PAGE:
THE FINAL SECTION: As the Gardiner viaduct through downtown Toronto was being completed, work began on the last section of the expressway, which extended the viaduct 1.3 kilometers (0.8 mile) east to a pair of ramps just west of Leslie Street. When it was completed in July 1966, stubs at the terminus of the elevated highway hinted at a future extension of the route as the Scarborough Expressway, which was to have extended the route of the Gardiner Expressway east through Scarborough to the current interchange between Highway 401 and Highway 2A.

This 1963 photo shows the Gardiner Expressway under construction at Jarvis Street in downtown Toronto. (Photo by Metropolitan Toronto Records and Archives Division.)

A CALL FOR IMPROVED SAFETY: Even as the easterly stretches of expressway had yet to be completed in 1965, Metro Toronto Chief Coroner Morton Shulman released a report highlighting safety deficiencies on the parkway, including inadequate guardrails, exposed slopes that could be vulnerable to erosion, and lightpoles that did not meet modern safety standards. One step toward a safer expressway was taken in 1966 when emergency telephone call boxes were installed along the length of the parkway. At one particular location that had seen increased accidents--the westbound ramp to the expressway from Jameson Avenue and Lake Shore Boulevard--electronic signs and remote-operated gates were installed to close the ramps during rush hours.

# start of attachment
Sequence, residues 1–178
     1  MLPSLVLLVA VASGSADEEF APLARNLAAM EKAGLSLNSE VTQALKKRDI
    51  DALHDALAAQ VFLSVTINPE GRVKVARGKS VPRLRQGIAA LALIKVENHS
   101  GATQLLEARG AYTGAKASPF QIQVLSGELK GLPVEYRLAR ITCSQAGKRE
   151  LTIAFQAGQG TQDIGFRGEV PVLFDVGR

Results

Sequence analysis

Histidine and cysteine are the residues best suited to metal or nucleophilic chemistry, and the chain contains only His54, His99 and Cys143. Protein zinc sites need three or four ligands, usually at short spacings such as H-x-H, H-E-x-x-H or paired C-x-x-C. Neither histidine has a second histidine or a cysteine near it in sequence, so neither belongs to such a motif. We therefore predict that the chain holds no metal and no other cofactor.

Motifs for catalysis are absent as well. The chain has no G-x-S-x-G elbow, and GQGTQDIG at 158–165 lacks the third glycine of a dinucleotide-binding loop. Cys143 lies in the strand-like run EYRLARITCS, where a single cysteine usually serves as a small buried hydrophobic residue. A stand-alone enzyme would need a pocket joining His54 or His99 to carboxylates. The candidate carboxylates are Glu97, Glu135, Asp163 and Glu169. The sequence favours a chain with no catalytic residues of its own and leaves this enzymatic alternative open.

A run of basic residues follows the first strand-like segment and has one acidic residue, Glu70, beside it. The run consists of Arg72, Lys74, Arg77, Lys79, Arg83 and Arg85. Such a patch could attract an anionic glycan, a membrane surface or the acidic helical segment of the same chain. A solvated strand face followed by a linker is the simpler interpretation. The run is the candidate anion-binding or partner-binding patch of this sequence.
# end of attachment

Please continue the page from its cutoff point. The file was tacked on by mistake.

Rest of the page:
To prevent erosion while beautifying the highway, the Canadian National Railway, which owned an unmaintained grassy hillside in the Sunnyside neighborhood on the north side of the expressway, worked with the city to clean up the hillside in 1988. After 26 metric tons (29 tons) of garbage were removed, floral logos made up of yew bushes were planted along the hillside. The advertising pays for the maintenance and period cleaning of the hillside, though only the corporate name is permitted. Moreover, alcohol and tobacco company logos are not permitted to advertise on the hillside at all.